The stakeholders consulted included the Ministry of Infrastructure, the Rwanda Energy Group, the Association of Private Developers, and several private DER developers. The subsequent workshop allowed stakeholders to discuss and gain clarity on key components of the regulation, such as license tenure, caps and compensatory charges, and the timing of the regulation among other topics. As a result, the stakeholders came to a consensus on the importance of conducting a regulatory impact assessment, which provides detailed appraisals of the potential impact of a new regulation to assess whether the regulation is likely to achieve its desired objectives.[11]

In doing so, RURA can establish an empirical basis for some of the proposed provisions in the DER regulation. RURA also noted that it would organize its regulatory impact assessment to ensure that the regulation supports the growth of DERs in Rwanda. Following the workshop, NARUC updated the draft regulation to incorporate the stakeholders’ additional feedback. The regulation is currently under review by RURA, which has stated that it aims to achieve full approval of the regulation and adopt it into law in 2022. Once it is passed, it will greatly increase the transparency and predictability of the treatment of DERs and captive power and will provide residential and industrial consumers alike with greater access to energy resources that are more reliable, affordable, and environmentally friendly.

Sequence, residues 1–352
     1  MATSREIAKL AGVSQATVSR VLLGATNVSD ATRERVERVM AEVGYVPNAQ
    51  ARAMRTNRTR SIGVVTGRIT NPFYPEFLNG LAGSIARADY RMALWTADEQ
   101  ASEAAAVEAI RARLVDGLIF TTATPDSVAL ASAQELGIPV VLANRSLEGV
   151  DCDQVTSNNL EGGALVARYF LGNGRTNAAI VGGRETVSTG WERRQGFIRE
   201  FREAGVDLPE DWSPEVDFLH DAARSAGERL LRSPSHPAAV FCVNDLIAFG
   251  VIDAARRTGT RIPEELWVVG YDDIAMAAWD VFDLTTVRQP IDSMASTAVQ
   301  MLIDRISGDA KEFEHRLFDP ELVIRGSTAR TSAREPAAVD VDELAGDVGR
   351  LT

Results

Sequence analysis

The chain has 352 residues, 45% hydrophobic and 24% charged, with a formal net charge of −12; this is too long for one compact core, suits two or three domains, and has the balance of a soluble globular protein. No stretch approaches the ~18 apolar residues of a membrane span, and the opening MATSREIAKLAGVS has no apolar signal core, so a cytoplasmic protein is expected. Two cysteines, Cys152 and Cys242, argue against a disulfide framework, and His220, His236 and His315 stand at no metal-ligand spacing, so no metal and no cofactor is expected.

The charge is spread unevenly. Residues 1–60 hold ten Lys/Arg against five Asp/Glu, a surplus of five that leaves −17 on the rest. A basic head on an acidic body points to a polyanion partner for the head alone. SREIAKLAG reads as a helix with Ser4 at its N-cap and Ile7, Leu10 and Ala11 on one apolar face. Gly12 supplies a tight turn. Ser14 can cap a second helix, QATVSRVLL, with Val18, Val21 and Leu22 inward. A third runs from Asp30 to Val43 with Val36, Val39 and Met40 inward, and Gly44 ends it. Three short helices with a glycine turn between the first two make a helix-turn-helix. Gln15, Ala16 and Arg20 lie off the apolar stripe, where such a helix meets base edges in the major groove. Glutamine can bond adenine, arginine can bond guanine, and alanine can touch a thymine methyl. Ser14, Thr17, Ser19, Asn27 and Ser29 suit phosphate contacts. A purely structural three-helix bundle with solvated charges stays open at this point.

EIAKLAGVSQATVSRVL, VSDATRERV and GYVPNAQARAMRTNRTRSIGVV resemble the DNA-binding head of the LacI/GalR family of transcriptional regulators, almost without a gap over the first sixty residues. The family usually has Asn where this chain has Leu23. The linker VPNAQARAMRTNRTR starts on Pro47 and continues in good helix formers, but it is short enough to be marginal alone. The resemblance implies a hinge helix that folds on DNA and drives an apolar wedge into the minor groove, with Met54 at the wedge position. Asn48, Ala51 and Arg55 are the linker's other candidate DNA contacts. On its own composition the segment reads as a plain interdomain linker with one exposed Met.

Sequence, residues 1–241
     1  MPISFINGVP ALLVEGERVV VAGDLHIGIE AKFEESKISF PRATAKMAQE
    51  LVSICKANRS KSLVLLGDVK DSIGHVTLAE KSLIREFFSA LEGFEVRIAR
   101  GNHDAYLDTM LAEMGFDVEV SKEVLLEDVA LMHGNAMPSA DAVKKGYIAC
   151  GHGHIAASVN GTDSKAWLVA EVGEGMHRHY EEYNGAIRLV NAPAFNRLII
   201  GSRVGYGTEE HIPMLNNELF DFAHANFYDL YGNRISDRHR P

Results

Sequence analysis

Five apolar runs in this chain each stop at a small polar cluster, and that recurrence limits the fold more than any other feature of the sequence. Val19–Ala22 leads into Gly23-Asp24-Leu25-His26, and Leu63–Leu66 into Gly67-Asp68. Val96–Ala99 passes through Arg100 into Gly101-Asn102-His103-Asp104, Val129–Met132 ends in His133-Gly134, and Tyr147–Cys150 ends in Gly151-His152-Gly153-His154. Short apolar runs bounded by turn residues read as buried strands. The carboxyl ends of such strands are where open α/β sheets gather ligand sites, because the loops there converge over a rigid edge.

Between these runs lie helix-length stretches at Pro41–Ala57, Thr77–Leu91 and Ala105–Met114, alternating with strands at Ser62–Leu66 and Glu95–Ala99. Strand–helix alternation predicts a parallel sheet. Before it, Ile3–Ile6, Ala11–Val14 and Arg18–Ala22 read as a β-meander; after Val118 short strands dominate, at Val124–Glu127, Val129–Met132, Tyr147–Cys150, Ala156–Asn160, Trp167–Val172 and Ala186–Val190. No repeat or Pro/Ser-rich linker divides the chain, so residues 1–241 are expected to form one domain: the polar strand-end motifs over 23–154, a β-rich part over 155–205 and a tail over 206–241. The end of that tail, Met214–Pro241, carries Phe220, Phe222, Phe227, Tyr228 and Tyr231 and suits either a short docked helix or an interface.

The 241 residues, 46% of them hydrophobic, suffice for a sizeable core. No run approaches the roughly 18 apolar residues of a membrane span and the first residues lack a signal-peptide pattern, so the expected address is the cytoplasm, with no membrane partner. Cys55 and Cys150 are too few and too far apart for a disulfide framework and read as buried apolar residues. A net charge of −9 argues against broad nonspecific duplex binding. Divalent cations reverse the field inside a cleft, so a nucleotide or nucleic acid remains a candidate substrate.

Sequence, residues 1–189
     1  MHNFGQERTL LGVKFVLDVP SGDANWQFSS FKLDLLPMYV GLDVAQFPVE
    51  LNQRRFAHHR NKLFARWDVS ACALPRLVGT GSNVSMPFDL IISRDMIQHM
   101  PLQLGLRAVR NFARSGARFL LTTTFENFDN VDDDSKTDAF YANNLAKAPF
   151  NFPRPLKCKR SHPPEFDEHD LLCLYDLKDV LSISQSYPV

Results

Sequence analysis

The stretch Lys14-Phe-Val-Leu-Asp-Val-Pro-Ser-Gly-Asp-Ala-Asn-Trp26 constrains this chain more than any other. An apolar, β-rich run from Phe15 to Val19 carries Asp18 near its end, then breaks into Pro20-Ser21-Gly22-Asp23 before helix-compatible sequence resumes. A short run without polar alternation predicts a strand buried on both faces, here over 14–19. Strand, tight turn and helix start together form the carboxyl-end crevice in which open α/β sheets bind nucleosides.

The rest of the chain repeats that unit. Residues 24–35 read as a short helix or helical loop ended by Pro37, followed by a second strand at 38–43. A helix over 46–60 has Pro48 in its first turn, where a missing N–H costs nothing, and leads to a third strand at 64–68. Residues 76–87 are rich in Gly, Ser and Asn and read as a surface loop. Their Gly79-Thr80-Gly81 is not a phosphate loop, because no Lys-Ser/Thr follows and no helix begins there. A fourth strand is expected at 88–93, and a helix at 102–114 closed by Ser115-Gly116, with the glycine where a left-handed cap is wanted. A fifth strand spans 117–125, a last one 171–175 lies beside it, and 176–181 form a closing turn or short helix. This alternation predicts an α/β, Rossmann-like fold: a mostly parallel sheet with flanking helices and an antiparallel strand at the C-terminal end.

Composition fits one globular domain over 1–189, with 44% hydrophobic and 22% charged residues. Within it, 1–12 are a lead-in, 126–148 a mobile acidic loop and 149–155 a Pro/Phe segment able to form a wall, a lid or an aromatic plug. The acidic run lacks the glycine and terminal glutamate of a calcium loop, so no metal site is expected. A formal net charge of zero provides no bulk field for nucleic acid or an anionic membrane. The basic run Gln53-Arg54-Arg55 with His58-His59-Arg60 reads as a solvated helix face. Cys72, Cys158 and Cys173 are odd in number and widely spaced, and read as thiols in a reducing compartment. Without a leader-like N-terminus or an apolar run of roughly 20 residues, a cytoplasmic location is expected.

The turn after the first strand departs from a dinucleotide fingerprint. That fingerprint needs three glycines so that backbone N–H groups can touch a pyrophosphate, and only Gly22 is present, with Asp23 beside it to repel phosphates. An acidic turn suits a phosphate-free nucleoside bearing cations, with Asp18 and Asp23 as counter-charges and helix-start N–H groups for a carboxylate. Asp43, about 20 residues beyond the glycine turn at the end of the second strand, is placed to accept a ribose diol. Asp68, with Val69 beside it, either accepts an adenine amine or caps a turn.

This story is made possible by the generous support of the American people through the United States Agency for International Development (USAID). The contents are the responsibility of NARUC and do not necessarily reflect the views of USAID or the United States Government.

Photo Credit: ©alphaspirit / Adobe Stock

[2] “Electricity.” RURA.

[3] “Innovation landscape brief: Market integration of distributed energy resources.” International Renewable Energy Agency, Abu Dhabi.

[4] Proctor, Darrell. “Distributed Energy Resources Bring Benefits, Challenges and New Opportunities.” POWER Magazine. February 1, 2018.

[5] “NARUC Manual on Distributed Energy Resources Rate Design and Compensation.” NARUC.

[6] “Approaches to Captive Power Regulation: Support to the Rwanda Utilities Regulatory Authority Under the Rwanda Energy Regulatory Partnership.” USAID/NARUC.

[7] Idem.

[8] Idem.

[9] “Who really benefits from solar net metering?” Renewable Energy World.

[10] “Approaches to Captive Power Regulation: Support to the Rwanda Utilities Regulatory Authority Under the Rwanda Energy Regulatory Partnership.”